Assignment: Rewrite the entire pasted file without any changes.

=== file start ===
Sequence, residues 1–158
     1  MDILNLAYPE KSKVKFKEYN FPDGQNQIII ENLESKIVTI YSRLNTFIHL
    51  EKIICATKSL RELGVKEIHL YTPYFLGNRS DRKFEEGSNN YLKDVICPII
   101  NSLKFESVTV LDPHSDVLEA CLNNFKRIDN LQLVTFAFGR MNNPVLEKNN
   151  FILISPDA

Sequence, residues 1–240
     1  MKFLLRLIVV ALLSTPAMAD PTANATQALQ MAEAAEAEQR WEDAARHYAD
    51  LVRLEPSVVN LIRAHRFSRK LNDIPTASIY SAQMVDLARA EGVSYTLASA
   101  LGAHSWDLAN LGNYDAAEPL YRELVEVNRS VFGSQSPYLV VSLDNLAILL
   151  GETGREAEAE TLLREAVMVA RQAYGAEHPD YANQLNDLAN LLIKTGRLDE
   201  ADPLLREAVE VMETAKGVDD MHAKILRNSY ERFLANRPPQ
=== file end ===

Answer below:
Sequence, residues 1–158
     1  MDILNLAYPE KSKVKFKEYN FPDGQNQIII ENLESKIVTI YSRLNTFIHL
    51  EKIICATKSL RELGVKEIHL YTPYFLGNRS DRKFEEGSNN YLKDVICPII
   101  NSLKFESVTV LDPHSDVLEA CLNNFKRIDN LQLVTFAFGR MNNPVLEKNN
   151  FILISPDA

Sequence, residues 1–240
     1  MKFLLRLIVV ALLSTPAMAD PTANATQALQ MAEAAEAEQR WEDAARHYAD
    51  LVRLEPSVVN LIRAHRFSRK LNDIPTASIY SAQMVDLARA EGVSYTLASA
   101  LGAHSWDLAN LGNYDAAEPL YRELVEVNRS VFGSQSPYLV VSLDNLAILL
   151  GETGREAEAE TLLREAVMVA RQAYGAEHPD YANQLNDLAN LLIKTGRLDE
   201  ADPLLREAVE VMETAKGVDD MHAKILRNSY ERFLANRPPQ